this will somehow help her win back the affections of her
boyfriend. Ultimately, her condition worsens to the point where she
spirals into psychosis. When she wanders out onto a busy road in
the dark of night, Matiu must face his own daemons, if he is to
save his newfound friend from impending harm.
Making a film costs a lot of money, and we've budgeted for
$7,500 to pay for the costs of making the film.
We will use your donations to pay for the cast and crew, art
department, wardrobe and set dressing supplies, location fees,
equipment and lighting hire, and petrol and food. The film will be
a lot better quality with a higher budget, so that we can pay our
hard working crew, feed them, and hire the best equipment to make
the film look awesome.
As a special thankyou from all of us we will make sure that your
name or organisation is given a place in the films credits.
The main aim of the film is to spread awareness of mental health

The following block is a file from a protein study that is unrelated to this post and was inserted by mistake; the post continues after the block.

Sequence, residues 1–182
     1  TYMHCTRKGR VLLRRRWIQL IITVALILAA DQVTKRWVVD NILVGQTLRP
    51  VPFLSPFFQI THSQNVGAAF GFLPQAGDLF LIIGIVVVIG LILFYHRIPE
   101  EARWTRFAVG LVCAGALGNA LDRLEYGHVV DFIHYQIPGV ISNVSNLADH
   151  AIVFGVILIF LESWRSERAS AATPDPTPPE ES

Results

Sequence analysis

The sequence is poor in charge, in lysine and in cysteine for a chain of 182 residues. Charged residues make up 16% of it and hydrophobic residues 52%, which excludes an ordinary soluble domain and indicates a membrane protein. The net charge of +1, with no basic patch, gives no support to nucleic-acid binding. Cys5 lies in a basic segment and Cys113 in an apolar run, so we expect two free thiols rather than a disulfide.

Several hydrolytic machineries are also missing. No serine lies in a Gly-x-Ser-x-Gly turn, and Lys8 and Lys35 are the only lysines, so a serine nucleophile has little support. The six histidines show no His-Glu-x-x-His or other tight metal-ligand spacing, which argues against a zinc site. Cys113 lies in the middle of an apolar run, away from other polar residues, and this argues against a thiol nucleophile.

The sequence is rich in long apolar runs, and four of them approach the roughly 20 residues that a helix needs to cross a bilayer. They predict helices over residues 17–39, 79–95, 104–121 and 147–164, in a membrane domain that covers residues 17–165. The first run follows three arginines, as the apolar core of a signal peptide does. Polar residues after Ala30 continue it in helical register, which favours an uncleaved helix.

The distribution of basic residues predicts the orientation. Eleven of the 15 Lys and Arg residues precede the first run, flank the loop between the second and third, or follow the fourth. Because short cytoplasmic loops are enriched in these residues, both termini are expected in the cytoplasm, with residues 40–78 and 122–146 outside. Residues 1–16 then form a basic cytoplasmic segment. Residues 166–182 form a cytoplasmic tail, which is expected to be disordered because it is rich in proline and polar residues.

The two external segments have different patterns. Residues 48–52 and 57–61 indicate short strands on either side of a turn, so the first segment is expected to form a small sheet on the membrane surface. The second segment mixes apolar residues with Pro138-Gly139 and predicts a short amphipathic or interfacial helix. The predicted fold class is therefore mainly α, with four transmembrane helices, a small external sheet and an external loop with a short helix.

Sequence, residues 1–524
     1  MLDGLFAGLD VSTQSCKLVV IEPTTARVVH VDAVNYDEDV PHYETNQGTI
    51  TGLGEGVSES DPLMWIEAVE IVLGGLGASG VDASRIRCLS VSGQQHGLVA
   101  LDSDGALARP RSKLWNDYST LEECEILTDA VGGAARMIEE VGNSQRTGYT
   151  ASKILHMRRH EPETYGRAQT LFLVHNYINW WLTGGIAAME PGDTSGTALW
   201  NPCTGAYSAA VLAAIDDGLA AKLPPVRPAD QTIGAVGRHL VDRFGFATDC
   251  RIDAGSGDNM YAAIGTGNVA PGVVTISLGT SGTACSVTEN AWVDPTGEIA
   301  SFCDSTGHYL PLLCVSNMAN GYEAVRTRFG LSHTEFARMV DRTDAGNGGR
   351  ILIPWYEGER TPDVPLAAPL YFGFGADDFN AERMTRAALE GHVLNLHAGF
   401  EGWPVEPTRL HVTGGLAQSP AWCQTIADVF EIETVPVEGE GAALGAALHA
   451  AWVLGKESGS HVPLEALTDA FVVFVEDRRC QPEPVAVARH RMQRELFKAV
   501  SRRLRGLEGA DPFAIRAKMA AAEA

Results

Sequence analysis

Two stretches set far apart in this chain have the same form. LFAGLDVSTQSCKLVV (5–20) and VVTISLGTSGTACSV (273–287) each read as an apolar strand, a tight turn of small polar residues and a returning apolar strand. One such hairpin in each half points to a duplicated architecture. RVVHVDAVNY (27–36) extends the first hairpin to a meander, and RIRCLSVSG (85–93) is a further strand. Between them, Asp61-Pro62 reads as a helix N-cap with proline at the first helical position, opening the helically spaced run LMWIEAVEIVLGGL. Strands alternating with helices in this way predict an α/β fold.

issues and reach as wide an audience as possible. There is, of
course, already a great deal of information available on the topic
of mental health and wellbeing, much of which is
documentary/factual in content. Generally speaking, those sources
are accessed by individuals (and/or their support network) who have
already acknowledged there is a problem and are taking the first
steps towards seeking help.
We believe that, by taking a fictional/dramatic approach, our
message has the potential to reach a wider audience and might just
strike a chord with someone who has not yet taken that first
Clearly, the film does not offer any answers or solutions, but
in raising the subject of mental health wellbeing in a 'person next
door' context, we hope to be a catalyst in encouraging the viewer
to think about their own circumstances and those of others close
by. The underlying message offered in the film is clear: a socially
inclusive encounter, however brief, can often provide that vital
life-line at a time of need.
I am a New Zealand Pakeha and Maori film director. I have